There is growing evidence that law firms are getting much better at this. Experts like information managers and business development specialists are working together to find out what lawyers want to convey in their marketing. Librarians are generally very good at talking to people whilst skilfully extracting what might be perceived as woolly information. Making sense of what lawyers say and want and making it into any kind of strategy can be a challenge.
Again firms opt for LinkedIn. I find this very interesting having read the Taylor & Francis report which completely omits LinkedIn for libraries. For instance, a library like the City Business Library rightly has a large presence on LinkedIn because many of their clientele will be on there. However I was surprised to find that London School of Economics Library didn’t have a LinkedIn page. It just proves that which social media you choose to engage with will depend very much on your audience – given the amount of time each one takes to maintain, it’s best to opt for the ones that have a better fit.
But it’s not all plain sailing and - rightly or wrongly - not everyone will be convinced. Sceptical expert Larry Port says in this guide, ‘if you find yourself right now spending a couple of hours a week on social media and have a nagging suspicion that your strategy has little return for your efforts your probably right and should switch gears…’. I have found that lawyers do not appreciate the amount of time it takes to become a true Twitterer because you have to work on relationships. Building up and maintaining a circle of people who will enrich your online profile is time consuming.
He admits that social media can be used for ‘true marketing awesomeness’ but says that spending an hour or two a week sending out tweets and posts, and brown nosing through mentions isn’t going to generate anything momentous. People who are successful at social media do it because they also love it. He concludes, ‘if you don’t like to blog tweet or post, or frankly if you’re not good at it, there are better ways to spend your time’.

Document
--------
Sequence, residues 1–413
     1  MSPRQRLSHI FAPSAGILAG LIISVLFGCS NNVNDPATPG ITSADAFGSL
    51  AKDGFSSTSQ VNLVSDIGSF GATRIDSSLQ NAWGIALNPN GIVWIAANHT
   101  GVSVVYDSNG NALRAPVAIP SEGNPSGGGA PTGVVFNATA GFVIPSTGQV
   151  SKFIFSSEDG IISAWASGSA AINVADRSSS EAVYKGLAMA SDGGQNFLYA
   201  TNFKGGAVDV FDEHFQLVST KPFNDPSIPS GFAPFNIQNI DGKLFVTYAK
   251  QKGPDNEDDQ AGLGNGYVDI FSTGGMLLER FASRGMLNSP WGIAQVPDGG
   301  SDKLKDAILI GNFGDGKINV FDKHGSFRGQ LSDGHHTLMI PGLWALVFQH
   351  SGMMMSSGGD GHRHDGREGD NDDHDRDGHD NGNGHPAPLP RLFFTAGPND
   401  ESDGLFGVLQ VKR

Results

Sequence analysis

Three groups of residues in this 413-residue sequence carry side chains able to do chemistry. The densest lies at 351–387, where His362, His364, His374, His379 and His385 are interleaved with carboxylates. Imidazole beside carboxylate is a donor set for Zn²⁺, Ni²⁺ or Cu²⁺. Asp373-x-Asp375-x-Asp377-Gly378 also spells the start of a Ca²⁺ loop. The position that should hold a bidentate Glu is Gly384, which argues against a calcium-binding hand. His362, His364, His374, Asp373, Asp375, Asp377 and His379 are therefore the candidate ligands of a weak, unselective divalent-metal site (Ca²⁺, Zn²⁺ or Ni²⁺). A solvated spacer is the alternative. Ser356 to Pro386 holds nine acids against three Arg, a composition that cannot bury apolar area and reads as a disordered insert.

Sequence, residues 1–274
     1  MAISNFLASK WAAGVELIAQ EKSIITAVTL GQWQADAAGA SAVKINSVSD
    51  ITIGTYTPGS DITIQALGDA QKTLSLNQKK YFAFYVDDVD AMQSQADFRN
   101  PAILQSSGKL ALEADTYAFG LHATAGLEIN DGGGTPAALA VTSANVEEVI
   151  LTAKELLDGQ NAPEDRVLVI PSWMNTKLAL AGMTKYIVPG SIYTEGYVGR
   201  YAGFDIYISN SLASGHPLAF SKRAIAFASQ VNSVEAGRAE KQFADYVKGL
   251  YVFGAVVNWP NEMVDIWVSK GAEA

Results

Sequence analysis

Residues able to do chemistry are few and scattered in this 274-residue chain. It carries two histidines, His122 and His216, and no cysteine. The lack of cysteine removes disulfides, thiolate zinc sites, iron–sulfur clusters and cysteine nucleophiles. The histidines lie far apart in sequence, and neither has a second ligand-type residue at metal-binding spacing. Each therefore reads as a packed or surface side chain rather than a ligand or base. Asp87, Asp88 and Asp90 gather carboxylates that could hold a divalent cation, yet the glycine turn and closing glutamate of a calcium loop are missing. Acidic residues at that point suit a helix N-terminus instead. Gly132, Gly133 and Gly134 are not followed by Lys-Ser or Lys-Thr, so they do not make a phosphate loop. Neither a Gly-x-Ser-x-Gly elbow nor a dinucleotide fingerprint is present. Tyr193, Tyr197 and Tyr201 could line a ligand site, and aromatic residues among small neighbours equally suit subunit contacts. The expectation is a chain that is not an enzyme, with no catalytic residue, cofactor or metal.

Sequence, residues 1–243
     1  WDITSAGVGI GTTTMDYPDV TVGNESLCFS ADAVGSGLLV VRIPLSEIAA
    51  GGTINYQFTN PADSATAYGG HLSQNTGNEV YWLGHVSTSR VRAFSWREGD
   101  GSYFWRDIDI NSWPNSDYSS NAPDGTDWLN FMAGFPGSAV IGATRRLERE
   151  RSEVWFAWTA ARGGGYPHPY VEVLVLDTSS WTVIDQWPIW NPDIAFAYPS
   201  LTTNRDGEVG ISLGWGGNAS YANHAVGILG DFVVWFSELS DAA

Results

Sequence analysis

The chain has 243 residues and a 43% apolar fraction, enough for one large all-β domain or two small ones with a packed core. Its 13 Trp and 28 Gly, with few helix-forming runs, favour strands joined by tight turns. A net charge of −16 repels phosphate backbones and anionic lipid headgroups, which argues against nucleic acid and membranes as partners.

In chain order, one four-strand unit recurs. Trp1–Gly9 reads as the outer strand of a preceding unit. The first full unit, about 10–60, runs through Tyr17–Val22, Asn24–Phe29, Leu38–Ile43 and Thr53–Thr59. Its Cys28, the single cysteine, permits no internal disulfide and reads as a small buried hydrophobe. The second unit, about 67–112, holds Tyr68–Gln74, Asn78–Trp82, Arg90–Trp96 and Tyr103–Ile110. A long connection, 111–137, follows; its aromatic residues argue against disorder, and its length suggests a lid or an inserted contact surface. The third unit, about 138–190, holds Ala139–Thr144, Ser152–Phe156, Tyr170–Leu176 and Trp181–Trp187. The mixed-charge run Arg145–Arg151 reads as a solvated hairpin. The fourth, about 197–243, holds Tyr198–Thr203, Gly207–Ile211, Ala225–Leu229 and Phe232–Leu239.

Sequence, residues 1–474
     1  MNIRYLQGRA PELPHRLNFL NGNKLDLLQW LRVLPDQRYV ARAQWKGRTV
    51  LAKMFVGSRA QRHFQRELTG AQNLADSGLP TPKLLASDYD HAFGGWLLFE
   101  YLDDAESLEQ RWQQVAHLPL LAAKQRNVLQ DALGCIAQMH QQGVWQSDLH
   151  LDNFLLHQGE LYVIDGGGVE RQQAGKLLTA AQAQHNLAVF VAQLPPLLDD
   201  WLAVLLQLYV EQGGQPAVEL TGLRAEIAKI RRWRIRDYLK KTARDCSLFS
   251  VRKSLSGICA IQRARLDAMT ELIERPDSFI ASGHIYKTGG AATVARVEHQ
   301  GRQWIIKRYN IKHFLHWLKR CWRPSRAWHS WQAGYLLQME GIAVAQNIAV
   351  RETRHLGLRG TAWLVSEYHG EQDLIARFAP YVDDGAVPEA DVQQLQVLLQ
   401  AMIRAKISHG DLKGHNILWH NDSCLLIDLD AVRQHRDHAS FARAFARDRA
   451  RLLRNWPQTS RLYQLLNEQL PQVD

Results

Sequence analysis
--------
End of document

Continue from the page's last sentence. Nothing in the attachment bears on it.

The lack of enthusiasm reported by Larry Port is evident in many law firm Twitter feeds. They are dull. This is because they are not owned by one person, instead a team is tweeting press releases. Successful legal tweeters are individual lawyers, interesting characters who share legal nuggets, which a hefty dose of wit.
Institutions also struggle with this balance and it is rare to get a corporate account which you would choose to follow because they make you laugh or think. One that springs to mind is the London Oxford Street Waterstones or the Innocent smoothie people, and Tescos customer services are interesting to observe – saying the right things, not just a corporate message.
Therefore if there is someone within your organisation who is a keen and talented writer, has the desire to cultivate an online persona, and is passionate about what the organisation does, then they are ideal to become the social media champion. If you’re tweeting as a library, your champion will think wider than just institution news, opening hours, or policies, but make it personal and interesting.
I was recognised as a social media champion early on. I have always reported to the most senior person in the firm, the Partnership Director, and about six years about we had a discussion about LinkedIn and its benefits. Taking my expertise into account, she asked me to contribute to the instructions for use and firm’s LinkedIn policy. This is now one of the most popular social networks for lawyers and other professionals.
It is important to target your audience by exploring all the different social media networks. Then pick just two to join. There are reasons why LinkedIn, Twitter, and blogging are more suitable than Facebook. And finding an appropriate voice on each platform is a challenge to those professionals who maintain distinctions between public and private personas. Given that LinkedIn has the firm’s official stamp of approval, it is straightforward to share legal updates and opinions with others, comment intelligently within groups, and maintain regular communications with contacts. Obviously comments on personal appearances should be avoided…
Blogging is a perfect home for lawyers because there is an opportunity to expand a 140 character limit tweet to a 500-600 word blog post. This is still too short for many lawyers but the better bloggers keep it short. Once you are creating, commissioning, or even just inspiring content for your organisation, it is very easy to build up a following. Whether this is through the firm’s own site, guest blogging for a specialist blog, or a current awareness and news aggregation site, either way is valid in generating traffic.